Photo Credit: Jewish Press

The initial reaction that most people had to the horrific news of last week’s events in Meron was the same as Aharon Hakoen’s after his two sons died; namely Vayeidom Aharon – and Aharon was silent (Vayikra 10:3). But I would like to share with you a Chasam Sofer.

It is known that the Chasam Sofer remarked about a devastating earthquake that destroyed most of Tzfas in the year 1837. He said the earthquake was a consequence of the jealousy of Yerushalayim. In Yerushalayim is the gate to Shamayim, in it is Har HaMoriah, the site where the Beis Hamikdash stood. In Yerushalayim there is the hill that all mouths turn to in prayer. The Shechinah never departed from the Kosel Hamaravi. Said the Chasam Sofer, for close to a hundred years, people have entirely turned to Tzfat, to the kever of the man of God the Rashbi in Meron; the Ari in Tzfas. Those who make aliyah to Israel look only to Tzfat and Tiveriah, and Yerushalayim is completely forgotten, so Jerusalem avenged its honor, so to speak.


I was thinking about these words of the Chasam Sofer and thought how this might be connected to the recent tragedy in Meiron.

For more than a year there have not been any mass gatherings in Eretz Yisrael, or anywhere for the most part. Recently the restrictions have been relaxed. Where is the first mass gathering where tens of thousands of Yidden, bnei yeshivos, Chasidim, and all walks of Judaism joined together? Meron. Not at the site where the Beis Hamikdash stood and will stand, not by the Kosel Hamaravi, the place where Shechinah never departed from, but elsewhere in distant Meron.

There is nothing wrong with going to Meron, and davening by kivrei tzadikim, and surely by the Tannah Rabi Shimon bar Yochai. But there is a special power that all beginnings have. The first of everything possesses a strong ability to define what follows. We find Noach was demoted from a Tzadik to an ish ha’adamah, when he chose to plant a vineyard immediately after the mabul. There is nothing wrong with planting a vineyard but if it the first thing that one does it defines him as an ish ha’adamah (Beraishis9:20). The siddur HaGra points out that the first tefilla that we recite after brachos in the morning is “shetargelenu bisorasecha” This is because every morning is a new beginning and a new start, and we want that the first thought, the first tefilla, that first request that we make of Hakadosh Baruch Hu, to be for helping us in Torah.

There are many other examples where we find the importance of firsts and beginnings, but in this circumstance the one thought that came to mind was that the first mass gathering where Klal Yisrael joins one another in an atmosphere of spiritual growth should be by the makom hamikdash where we can beseech Hashem to return the Beis Hamikdash that we so desperately need.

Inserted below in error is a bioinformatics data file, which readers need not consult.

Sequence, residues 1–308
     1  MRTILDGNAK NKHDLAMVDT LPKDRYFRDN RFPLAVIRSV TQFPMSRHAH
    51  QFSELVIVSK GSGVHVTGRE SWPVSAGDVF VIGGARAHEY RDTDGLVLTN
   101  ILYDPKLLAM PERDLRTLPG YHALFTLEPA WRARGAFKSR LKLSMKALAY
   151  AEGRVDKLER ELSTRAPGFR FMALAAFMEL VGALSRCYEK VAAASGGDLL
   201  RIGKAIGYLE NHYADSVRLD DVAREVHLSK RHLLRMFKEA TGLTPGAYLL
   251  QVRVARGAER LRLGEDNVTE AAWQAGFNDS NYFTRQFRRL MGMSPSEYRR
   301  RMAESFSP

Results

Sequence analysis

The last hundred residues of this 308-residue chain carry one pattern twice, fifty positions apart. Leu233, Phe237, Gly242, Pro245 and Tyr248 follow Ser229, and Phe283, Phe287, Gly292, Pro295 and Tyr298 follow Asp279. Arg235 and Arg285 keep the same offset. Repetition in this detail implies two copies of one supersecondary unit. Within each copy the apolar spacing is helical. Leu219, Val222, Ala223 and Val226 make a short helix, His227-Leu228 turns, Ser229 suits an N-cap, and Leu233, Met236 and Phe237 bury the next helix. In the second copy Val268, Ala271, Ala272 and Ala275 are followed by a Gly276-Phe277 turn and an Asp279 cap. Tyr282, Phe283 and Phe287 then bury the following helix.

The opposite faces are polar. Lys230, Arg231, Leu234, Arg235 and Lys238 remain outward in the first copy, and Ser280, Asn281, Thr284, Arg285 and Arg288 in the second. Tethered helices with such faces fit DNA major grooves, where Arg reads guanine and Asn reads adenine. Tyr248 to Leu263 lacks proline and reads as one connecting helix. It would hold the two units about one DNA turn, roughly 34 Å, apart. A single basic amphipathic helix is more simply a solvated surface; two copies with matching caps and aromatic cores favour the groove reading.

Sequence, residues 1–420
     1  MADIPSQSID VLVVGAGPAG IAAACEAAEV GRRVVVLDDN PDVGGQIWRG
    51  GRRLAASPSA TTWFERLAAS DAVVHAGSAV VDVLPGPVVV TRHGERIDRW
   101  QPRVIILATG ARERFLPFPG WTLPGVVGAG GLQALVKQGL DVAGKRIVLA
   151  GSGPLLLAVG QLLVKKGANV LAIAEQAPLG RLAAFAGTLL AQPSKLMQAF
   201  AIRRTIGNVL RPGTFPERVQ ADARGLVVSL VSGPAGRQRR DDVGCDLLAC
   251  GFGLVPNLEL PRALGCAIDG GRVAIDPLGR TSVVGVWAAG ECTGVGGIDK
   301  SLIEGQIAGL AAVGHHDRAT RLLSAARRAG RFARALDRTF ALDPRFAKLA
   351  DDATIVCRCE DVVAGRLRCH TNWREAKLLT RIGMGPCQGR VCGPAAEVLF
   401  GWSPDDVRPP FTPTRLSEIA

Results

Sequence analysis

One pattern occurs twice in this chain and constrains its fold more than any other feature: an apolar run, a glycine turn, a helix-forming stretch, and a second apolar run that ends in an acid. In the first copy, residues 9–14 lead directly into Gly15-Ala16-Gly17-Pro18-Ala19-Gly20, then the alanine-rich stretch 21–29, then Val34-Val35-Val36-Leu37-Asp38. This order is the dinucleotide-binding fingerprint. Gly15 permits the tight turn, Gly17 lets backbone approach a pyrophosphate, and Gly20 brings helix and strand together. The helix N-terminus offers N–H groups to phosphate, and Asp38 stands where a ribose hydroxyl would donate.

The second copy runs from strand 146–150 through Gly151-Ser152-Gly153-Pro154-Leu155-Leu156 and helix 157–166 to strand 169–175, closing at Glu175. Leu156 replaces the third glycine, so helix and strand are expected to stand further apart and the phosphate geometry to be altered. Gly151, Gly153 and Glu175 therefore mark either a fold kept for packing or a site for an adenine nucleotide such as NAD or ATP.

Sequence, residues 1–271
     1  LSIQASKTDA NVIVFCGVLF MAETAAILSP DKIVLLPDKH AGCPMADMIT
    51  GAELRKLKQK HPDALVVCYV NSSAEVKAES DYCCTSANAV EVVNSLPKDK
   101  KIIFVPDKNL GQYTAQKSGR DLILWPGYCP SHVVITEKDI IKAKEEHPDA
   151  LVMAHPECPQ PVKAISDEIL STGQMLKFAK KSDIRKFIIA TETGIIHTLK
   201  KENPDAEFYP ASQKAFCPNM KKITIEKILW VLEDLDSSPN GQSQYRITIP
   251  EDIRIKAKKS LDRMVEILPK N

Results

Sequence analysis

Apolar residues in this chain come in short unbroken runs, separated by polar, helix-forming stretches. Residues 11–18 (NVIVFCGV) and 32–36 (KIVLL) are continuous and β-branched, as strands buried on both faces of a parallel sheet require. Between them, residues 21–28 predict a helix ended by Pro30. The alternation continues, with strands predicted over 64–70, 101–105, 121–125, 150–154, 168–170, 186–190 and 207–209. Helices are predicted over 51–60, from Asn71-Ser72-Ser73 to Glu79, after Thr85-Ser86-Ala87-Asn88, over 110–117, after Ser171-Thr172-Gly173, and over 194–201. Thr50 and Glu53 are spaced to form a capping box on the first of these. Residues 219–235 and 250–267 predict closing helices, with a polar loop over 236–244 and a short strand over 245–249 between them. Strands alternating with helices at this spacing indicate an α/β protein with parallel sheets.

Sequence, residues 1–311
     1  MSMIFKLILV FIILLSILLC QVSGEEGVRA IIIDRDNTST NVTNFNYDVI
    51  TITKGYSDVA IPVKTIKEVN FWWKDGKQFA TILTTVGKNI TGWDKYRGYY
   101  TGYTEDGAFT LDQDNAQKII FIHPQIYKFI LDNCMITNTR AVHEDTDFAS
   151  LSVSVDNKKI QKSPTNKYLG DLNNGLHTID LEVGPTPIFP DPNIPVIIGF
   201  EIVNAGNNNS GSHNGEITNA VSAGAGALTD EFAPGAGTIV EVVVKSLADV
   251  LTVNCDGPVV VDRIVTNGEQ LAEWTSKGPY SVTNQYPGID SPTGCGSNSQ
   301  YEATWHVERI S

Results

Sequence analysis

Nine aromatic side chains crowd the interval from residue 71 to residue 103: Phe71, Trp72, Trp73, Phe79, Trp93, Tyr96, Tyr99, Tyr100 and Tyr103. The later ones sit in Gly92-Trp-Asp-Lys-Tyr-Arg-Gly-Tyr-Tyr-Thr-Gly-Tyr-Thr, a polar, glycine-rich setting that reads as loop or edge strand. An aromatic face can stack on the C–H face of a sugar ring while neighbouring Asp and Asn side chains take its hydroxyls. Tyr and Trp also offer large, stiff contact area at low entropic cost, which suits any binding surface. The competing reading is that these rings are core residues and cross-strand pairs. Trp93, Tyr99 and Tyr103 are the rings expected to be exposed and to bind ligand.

In Shmuel Beis (24:1) the Navi tells us of tzaros that befell the Jewish people. Rashi there says he does not know why we suffered those tzaros. The Ramban in Parshas Korach (16:21) writes that the reason that there was a charon af against Klal Yisrael at one point in Dovid Hamelch’s reign was because they prolonged the building of the Beis Hamikdash. In other words no one was bothered that there was no Beis Hamikdash. Until Dovid Hamelch said, “I am sitting in a grand palace, and the Aron has no place.” Dovid Hamelech had desire and as a result the Beis Hamikdash was built. Says the Ramban, “If Klal Yisrael would have wanted and been nesorrer for the Beis Hamikdash earlier, it would have been built earlier by Klal Yisrael, not by Dovid and Shlomo, and there would not have been anger against them and they would not have suffered those tzaros.”

On a Klal level we are still guilty of the same thing. We have forsaken Yerushalayim, and the Beis Hamikdash, and as we have seen throughout history his is a recipe for disaster. As Dovid Hamelch famously wrote in Tehillim (137) If I forget you Yerushalayim, let my right hand forget its skill. Let my tongue cleave to the roof of my mouth, if I do not remember you; if I don’t set Yerushalayim above my highest joy.

May we all come together and beseech our Father to return the Beis Hamikdash, where we will all gather once again and rejoice in its courtyards basking in the presence of the open display of the Shechina, Amen.


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Rabbi Fuchs learned in Yeshivas Toras Moshe, where he became a close talmid of Rav Michel Shurkin, shlit”a. While he was there he received semicha from Rav Zalman Nechemia Goldberg, shlit”a. He then learned in Mirrer Yeshiva in Brooklyn, and became a close talmid of Rav Shmuel Berenbaum, zt”l. Rabbi Fuchs received semicha from the Mirrer Yeshiva as well. After Rav Shmuel’s petira Rabbi Fuchs learned in Bais Hatalmud Kollel for six years. He is currently a Shoel Umaishiv in Yeshivas Beis Meir in Lakewood, and a Torah editor and weekly columnist at The Jewish Press.